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28/10/10

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FX IN THE SPOTLIGHT

Addressing the need for speed While technological advances have literally transformed the world of forex trading over the past decade, increasingly the focus is on shaving fractions of a second off execution times to make trading faster and more efficient than was ever possible before, writes Tim Håman, CEO of Fair Trading Technology.

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When you talk about technology in the foreign exchange market, at the end of the day, it all comes down to milliseconds. Significant resources are being spent on reducing the amount of time it takes traders to reach the market, all because of technologies that have completely transformed the world of forex trading over the past decade. ‘Time is money’ may be a bit of a cliché, but increasingly this time is measured in fractions of a second that make the blink of an eye seem like a long time. As this current decade progresses, the goal is to reduce this time even further, to the point that speed is no longer an issue at all and ‘slippage’ becomes a virtually meaningless term. To say that technology has changed forex trading would be a gross understatement. It was only ten or 15 years ago that currency trading was the exclusive domain of big players, where $100 million was the minimum to even be able to enter the market. As financial barriers to entry lowered, technology also started to create a new segment of the forex market: retail trading. While it began in the second half of the 1990s, it wasn't until the early 2000s that software platforms were developed that started to make these markets accessible to a wider trading community, with the biggest breakthrough coming with the 2002

FX-MM NOVEMBER ISSUE 2010

To say that technology has changed forex trading would be a gross understatement. It was only ten or 15 years ago that currency trading was the exclusive domain of big players, where $100 million was the minimum to even be able to enter the market.

introduction of MetaQuote's MetaTrader platform. As such, automated trading was brought to the retail sector. With the release of MetaTrader 4 in 2005, more and more of the market moved to digital transactions, requiring less need for human intervention. This was the real birth of the retail market and the cutting edge of major changes in the market at the hands of technology. With this new base for trading established, the biggest advances that technology can now offer to forex trading are in the area of speed - how quickly it can allow a trader to get to the market. As any trader can attest, speed equals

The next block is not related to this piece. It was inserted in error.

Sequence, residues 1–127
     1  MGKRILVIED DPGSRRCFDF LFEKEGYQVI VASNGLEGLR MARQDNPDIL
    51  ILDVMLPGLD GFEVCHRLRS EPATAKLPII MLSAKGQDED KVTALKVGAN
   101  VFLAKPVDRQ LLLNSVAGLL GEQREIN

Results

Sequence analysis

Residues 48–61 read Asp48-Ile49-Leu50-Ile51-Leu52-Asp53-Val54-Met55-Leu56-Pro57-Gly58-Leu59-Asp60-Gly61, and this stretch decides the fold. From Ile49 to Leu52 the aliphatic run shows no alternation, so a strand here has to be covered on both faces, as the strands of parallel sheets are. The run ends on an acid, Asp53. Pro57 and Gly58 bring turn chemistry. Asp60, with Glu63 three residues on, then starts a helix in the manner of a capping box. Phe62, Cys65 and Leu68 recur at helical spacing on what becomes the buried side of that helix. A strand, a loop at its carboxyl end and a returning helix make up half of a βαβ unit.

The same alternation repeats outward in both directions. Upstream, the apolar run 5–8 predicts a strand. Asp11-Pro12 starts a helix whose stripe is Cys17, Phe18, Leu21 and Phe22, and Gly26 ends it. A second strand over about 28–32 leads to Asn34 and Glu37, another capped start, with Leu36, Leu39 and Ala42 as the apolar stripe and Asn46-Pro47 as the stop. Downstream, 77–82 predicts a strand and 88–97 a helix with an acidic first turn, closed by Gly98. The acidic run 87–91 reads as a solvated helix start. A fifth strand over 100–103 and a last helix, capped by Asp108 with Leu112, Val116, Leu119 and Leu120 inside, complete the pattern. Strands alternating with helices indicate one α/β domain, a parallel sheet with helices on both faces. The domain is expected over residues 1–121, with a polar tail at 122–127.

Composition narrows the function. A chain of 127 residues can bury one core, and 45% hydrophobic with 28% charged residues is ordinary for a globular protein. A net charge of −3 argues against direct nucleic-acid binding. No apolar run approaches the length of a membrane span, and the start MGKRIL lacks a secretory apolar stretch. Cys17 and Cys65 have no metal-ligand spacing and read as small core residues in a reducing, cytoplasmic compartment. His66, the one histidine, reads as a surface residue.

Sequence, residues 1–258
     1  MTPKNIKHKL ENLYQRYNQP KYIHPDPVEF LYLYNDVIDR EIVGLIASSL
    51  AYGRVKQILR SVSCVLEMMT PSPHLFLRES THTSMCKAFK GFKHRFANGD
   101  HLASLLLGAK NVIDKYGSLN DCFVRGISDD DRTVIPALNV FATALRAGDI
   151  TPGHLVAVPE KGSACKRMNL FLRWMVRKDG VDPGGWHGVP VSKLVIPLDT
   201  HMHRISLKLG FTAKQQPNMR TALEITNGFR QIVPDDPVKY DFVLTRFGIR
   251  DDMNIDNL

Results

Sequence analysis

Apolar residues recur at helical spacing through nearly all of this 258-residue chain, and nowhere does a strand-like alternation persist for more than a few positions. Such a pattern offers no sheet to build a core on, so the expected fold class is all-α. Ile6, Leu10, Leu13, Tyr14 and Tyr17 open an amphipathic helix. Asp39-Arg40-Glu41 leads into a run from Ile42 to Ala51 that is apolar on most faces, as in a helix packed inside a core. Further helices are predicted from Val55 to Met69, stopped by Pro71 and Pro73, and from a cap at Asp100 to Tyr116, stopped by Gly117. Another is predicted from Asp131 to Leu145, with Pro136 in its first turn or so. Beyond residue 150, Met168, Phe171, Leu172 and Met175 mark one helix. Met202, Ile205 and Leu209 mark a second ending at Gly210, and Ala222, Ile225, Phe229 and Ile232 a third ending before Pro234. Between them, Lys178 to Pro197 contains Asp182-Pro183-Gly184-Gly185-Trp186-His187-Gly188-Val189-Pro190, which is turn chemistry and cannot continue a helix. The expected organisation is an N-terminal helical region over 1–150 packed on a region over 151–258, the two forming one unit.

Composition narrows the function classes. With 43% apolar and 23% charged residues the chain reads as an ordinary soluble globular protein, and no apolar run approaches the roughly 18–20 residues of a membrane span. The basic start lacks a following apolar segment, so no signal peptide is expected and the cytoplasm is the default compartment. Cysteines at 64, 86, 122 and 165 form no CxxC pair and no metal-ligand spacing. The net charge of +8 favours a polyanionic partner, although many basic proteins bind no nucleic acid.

advantage, which is increasingly where every millisecond counts. If we look to the fully digital stock market though, even milliseconds are becoming irrelevant. Trade times are now measured in microseconds. In early October, the London Stock Exchange set a new bar for speed, announcing that trades on its Turquoise trading platform take place in just 126 microseconds. To put that in perspective, a human eye takes on average 300 milliseconds to blink. In that same amount of time, the LSE's platform can complete almost 2,400 trades. Those kinds of speeds are not yet possible in the world of forex trading, if for no other reason than the layers of participants required to complete a trade. Currently, for example, a typical forex trade could go from the trader's terminal to a MetaTrader server, then to a bridge and to an ECN before reaching the market, where it is executed and then returns the same route in reverse. The entire process can take 600 or 700 milliseconds. While that is by no means slow, the goal over the next five to ten years is to significantly reduce this amount of time, bringing it down to micro- or even nanoseconds. The question is, ‘how do we get there?’ In the past, the biggest leaps in technology came with the development of

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While technological advances have literally transformed the world of forex trading over the past decade, increasingly the focus is on shavin...

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